Don't Even, you started out as the poet, Scarecrow, do you plan to incorporate some spoken word on future songs or do you consider your verses poetry?

Don't Even: I consider everything I say is poetry and the reason I say that is because I put thought into any and everything I say before I say it and poetry is just that-- words that I was able to collect as my thoughts, my emotions, and my spirit and put on paper, then speak those same words to my friends, my family, and my folks and now they can see my vision. For me that’s powerful. So to answer this question, my verses are poetry and my poetry is verse.

What does Hazmat have planned for 2006?

Epic: There are several projects in the works for us. We’ll be on the radio very soon, hopefully hitting international waters and a lot of upcoming show dates. Watch out for the compilation dropping just before the summer, and the HazMat album “Fixin; to Clean Up” hitting the nation in the fall.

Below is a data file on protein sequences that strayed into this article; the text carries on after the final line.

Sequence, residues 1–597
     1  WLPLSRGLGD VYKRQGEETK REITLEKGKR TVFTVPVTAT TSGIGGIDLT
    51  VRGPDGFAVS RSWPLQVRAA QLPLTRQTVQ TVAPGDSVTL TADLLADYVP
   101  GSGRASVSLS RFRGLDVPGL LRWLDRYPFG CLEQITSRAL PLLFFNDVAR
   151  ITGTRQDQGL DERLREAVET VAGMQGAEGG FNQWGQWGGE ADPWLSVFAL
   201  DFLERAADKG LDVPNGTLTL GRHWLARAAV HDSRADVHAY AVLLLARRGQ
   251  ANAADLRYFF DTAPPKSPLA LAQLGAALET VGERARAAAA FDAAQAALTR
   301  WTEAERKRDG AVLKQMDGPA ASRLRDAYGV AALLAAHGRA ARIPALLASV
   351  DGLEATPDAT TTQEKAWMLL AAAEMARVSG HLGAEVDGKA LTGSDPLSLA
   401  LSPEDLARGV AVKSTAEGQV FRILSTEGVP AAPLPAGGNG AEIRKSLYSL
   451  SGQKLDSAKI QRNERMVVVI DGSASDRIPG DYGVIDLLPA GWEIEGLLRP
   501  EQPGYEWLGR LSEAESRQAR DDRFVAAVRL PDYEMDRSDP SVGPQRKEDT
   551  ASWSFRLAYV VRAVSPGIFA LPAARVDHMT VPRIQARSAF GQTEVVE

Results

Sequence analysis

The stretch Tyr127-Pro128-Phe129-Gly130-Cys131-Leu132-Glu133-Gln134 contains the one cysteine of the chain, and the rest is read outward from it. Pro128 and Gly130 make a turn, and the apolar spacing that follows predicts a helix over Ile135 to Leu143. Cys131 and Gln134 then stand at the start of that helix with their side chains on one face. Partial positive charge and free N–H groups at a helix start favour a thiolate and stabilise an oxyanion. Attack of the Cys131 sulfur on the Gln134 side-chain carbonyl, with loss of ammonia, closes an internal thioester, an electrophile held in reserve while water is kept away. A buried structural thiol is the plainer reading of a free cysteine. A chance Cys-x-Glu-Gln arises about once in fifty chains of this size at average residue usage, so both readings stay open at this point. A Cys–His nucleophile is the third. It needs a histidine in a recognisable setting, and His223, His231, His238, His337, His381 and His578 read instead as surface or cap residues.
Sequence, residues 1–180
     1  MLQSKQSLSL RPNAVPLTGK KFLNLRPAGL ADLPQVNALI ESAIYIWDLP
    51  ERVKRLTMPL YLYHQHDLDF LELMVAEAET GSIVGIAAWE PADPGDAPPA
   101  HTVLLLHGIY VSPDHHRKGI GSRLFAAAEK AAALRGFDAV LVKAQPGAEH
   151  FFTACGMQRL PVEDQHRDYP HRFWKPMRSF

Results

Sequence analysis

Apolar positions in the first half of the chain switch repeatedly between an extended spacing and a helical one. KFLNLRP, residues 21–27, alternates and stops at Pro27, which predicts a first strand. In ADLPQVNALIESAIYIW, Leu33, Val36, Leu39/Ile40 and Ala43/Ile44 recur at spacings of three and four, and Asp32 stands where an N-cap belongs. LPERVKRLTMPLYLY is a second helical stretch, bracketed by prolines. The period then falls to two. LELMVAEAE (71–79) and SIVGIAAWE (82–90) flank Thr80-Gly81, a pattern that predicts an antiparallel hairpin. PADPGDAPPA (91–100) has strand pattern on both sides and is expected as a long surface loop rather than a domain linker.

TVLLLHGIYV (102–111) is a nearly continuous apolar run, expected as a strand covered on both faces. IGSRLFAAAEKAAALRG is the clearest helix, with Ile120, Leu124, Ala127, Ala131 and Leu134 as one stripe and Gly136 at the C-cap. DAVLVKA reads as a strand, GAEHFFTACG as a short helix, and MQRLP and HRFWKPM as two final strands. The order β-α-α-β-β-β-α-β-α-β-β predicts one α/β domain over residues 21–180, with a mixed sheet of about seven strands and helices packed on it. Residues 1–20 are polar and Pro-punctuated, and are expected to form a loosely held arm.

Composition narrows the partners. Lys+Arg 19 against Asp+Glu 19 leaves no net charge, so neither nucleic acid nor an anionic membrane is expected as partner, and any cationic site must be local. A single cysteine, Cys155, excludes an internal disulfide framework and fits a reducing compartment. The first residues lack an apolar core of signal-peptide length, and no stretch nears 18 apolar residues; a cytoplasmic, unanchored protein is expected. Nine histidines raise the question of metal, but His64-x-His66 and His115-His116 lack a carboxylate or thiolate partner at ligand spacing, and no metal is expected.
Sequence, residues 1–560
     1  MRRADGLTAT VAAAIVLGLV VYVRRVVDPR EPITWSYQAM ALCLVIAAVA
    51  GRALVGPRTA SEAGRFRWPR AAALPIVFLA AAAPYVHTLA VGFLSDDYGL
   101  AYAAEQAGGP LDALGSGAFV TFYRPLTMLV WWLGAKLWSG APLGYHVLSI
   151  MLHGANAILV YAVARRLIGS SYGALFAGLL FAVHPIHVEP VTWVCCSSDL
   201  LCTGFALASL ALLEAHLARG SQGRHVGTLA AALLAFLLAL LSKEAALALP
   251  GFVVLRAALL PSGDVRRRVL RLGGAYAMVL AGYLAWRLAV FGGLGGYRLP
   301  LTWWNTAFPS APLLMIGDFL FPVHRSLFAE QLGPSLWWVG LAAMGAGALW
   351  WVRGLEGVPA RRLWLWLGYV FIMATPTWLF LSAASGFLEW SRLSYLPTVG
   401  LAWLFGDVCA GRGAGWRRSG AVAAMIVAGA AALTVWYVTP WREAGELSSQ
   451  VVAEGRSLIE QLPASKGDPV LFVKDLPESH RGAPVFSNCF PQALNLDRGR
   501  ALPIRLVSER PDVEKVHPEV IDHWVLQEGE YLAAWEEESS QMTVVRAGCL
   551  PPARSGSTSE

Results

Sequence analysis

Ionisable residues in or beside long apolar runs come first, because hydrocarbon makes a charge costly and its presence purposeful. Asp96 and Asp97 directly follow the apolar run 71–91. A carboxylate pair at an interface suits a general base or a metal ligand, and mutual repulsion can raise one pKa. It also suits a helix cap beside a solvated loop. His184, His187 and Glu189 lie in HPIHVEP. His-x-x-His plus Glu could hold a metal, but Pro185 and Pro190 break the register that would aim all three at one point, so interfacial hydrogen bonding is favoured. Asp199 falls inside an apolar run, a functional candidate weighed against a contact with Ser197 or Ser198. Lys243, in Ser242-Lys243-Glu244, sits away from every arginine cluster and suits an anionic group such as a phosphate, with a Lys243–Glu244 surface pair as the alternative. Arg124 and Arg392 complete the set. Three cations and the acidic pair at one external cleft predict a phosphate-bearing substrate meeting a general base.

Don't Even: To take over the world like Pinky and Brain, but the only difference is E.P.I.C and I both got mad brains, so watch out world!!

2006 Tour Venues
Blake’s on Telegraph, Berkeley, CA
The Palladium, Modesto, CA
680 Lounge, Danville, CA
Angels, San Jose, CA
Tha’ Pound, San Francisco, Ca
Warren Theater, Fresno, CA

- CF Press


Video @ www.creamfactoryrecords.com

CD/DVD: "FiXin2cleanUp!" and Who Got You Jumpin' video. Release date: January 12

CD: Cream Factory Presents HazMat (Cream Factory Records)

Featuring "You Know What Happens" and "Where's My Dough", and Touchin' Plat.



Don’t Even
Born Kevin Anthony Stewart a quarter century ago in Biloxi Mississippi, Don’t Even was encouraged and inspired by his mother, Shirley to expand his mind and go beyond the norm. Shirley moved Don’t Even and his seven other siblings to West Oakland California where Don’t Even fell in love with hip hop. Creatively, Don’t Even began his career as the poet Scarecrow. Scarecrow became a regular on the poetry underground scene with pieces like “9eleven”, “Where was you niggas at”, and “Backbone”.